Boston entrepreneur Nimit Sawhney is swimming against the tide.
At a time when Russian hackers are attacking the computers used in US elections, Sawhney is about to launch the first test in a federal election of an electronic voting system that uses smartphones for absentee ballots.
The state of West Virginia this week said it would use the mobile phone balloting system developed by Sawhney’s company, Voatz, for military personnel deployed overseas to vote in the November midterm elections.
While the system was successfully tested by others before, including by the Massachusetts Democratic Party, some voting advocacy organizations are alarmed at its use in an official election, fearing the mobile technology is vulnerable to hacking. But Sawhney said his system has so far repulsed the Russians.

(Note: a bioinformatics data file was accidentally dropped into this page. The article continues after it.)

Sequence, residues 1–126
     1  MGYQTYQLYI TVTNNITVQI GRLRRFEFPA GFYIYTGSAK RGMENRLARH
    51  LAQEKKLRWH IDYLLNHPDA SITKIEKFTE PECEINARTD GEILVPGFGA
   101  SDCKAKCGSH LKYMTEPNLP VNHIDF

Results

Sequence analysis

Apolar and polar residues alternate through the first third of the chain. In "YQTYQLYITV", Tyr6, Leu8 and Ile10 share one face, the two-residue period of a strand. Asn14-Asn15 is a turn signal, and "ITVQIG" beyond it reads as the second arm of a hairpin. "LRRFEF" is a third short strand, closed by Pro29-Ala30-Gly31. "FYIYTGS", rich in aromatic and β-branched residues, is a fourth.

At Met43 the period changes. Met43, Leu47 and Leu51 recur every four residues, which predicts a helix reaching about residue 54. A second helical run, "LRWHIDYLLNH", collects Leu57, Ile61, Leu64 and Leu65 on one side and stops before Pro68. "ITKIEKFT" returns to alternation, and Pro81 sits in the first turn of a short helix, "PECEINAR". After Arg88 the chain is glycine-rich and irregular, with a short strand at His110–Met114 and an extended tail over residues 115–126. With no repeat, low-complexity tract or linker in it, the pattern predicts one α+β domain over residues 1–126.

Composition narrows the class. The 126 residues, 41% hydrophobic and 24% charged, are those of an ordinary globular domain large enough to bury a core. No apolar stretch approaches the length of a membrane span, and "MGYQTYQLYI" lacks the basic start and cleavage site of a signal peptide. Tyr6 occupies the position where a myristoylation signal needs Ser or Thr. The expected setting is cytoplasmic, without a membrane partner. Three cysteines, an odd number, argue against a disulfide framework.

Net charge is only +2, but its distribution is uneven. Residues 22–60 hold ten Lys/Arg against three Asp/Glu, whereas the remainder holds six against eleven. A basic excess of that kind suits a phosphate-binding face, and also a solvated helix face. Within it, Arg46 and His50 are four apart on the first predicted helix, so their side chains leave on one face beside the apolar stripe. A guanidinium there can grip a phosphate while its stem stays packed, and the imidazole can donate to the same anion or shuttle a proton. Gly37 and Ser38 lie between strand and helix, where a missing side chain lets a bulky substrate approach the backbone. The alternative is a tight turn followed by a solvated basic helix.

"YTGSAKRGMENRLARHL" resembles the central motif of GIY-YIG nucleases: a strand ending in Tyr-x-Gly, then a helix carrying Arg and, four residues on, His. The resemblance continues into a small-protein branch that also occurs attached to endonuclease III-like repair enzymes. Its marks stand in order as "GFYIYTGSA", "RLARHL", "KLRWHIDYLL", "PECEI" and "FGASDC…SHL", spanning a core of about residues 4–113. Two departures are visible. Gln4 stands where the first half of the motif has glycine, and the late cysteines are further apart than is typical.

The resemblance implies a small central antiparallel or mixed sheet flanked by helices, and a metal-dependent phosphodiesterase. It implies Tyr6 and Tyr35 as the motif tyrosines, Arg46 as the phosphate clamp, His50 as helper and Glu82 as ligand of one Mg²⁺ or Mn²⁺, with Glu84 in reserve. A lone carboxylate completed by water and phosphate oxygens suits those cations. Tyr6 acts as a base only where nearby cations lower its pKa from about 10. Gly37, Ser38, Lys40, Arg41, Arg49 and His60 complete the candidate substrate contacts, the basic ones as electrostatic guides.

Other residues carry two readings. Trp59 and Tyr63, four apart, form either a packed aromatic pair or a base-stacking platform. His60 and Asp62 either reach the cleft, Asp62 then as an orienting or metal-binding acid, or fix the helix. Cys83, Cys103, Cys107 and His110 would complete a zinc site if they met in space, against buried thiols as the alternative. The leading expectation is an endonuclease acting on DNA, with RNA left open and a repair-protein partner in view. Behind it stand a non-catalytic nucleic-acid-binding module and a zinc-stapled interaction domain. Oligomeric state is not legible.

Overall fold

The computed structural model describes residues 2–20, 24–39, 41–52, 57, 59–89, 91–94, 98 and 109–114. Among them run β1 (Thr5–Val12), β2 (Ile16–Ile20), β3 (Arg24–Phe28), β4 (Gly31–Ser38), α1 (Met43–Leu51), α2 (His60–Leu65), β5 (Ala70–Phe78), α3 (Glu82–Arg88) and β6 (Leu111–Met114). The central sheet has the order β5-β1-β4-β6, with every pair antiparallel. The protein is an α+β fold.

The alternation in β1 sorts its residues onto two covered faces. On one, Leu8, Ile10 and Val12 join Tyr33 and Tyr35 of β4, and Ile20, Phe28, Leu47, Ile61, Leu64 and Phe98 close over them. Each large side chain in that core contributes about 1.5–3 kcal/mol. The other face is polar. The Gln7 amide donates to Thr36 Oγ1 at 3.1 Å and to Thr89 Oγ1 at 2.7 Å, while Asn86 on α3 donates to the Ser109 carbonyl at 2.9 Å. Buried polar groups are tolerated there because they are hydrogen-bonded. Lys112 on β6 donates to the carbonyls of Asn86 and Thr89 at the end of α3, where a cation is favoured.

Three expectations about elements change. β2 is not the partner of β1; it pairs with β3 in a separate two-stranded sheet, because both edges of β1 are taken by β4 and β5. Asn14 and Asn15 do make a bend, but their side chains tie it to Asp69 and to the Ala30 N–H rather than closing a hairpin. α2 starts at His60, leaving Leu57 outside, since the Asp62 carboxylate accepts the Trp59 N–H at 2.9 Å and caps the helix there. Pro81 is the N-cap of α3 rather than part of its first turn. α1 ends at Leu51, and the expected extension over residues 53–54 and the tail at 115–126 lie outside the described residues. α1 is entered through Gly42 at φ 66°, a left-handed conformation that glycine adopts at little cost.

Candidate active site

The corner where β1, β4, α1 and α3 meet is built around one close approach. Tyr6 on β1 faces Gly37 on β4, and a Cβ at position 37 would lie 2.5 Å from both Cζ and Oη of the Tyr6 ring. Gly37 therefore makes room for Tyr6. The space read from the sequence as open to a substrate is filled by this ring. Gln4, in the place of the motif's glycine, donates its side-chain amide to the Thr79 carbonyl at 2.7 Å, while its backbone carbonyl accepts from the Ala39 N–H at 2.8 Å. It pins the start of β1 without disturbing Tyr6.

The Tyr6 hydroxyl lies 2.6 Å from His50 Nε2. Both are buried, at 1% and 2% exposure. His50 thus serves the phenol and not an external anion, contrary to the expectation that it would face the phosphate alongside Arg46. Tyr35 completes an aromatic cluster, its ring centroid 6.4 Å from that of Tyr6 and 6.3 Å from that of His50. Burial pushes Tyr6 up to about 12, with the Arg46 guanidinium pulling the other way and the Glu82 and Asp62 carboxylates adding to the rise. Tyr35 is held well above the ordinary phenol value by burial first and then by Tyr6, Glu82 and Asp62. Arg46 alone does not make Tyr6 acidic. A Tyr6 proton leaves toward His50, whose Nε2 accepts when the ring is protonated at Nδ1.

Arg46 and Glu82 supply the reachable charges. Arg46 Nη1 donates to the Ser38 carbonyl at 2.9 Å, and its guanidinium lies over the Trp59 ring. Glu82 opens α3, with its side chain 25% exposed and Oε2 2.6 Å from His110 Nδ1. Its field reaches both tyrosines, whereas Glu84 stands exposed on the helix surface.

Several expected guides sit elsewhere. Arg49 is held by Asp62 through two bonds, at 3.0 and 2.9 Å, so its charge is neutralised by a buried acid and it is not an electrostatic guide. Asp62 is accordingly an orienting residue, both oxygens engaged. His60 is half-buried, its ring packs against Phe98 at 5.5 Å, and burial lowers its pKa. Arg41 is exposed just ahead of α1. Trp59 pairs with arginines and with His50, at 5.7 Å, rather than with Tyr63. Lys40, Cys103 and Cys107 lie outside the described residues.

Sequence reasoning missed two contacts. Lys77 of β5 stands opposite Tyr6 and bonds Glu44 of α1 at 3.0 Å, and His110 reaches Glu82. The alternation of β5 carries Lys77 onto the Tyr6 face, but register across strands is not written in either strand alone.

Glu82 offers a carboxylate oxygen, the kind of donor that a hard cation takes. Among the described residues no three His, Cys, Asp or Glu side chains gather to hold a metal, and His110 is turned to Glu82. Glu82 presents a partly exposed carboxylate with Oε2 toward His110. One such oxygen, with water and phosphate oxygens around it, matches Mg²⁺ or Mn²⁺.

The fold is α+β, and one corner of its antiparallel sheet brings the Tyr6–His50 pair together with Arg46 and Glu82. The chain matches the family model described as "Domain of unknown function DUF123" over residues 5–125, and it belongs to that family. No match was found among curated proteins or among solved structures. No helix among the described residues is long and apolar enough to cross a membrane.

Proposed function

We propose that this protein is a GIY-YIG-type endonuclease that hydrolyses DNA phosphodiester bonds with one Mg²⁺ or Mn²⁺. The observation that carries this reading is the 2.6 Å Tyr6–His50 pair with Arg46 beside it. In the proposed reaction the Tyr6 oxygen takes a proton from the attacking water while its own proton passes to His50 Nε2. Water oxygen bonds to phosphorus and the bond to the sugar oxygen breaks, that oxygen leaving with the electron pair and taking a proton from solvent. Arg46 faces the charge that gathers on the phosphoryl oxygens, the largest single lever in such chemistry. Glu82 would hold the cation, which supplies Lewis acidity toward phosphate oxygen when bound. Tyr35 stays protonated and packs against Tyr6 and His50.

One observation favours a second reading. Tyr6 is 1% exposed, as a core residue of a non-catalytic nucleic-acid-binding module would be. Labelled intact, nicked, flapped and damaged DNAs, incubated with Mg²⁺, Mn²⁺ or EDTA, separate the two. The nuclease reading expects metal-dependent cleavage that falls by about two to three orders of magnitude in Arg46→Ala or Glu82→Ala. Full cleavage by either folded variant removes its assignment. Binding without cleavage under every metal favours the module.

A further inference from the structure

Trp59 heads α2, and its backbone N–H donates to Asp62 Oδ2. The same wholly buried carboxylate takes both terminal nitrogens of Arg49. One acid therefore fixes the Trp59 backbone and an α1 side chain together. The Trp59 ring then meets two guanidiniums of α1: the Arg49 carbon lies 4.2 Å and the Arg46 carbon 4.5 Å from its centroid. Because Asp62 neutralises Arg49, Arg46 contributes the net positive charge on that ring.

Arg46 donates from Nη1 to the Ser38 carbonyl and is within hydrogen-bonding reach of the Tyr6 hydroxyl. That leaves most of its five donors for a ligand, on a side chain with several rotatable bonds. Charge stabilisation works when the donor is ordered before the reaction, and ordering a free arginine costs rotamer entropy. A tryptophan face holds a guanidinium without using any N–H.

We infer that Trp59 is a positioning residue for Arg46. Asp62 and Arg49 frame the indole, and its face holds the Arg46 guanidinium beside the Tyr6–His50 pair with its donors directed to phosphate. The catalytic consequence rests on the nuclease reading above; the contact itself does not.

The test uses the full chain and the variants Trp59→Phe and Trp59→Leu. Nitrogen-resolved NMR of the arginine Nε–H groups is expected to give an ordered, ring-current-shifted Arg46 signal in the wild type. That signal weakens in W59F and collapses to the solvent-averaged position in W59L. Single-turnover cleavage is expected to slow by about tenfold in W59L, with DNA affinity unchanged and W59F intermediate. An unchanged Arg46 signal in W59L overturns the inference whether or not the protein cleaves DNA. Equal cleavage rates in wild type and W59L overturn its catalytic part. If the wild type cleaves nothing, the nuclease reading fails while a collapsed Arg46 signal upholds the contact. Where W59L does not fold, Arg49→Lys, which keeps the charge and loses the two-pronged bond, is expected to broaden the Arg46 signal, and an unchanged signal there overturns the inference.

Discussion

“They’ve already been trying, ever since we’ve been started,” Sawhney said. “In many cases, they don’t hide where they’re coming from, and we’re able to determine that they’re probing our system. We’re aware and conscious and keeping a close watch.”
The Voatz app uses the advanced security features of newer Apple and Android smartphones to verify the voter’s identity, first using facial-recognition software to match a photo taken by the cellphone against that on the person’s driver’s license or federal ID card. Voatz says employees will also double-check the system’s facial recognition software.
Once the voter is identified, the app loads a ballot on the phone screen. The voter keys in his or her selections and sends the ballot to a secure server, where a paper copy is printed and stored. The voter can receive an e-mailed copy, and the system also records each vote in a digital blockchain, a technology used in cryptocurrencies like bitcoin. The blockchain preserves an indelible record of each vote.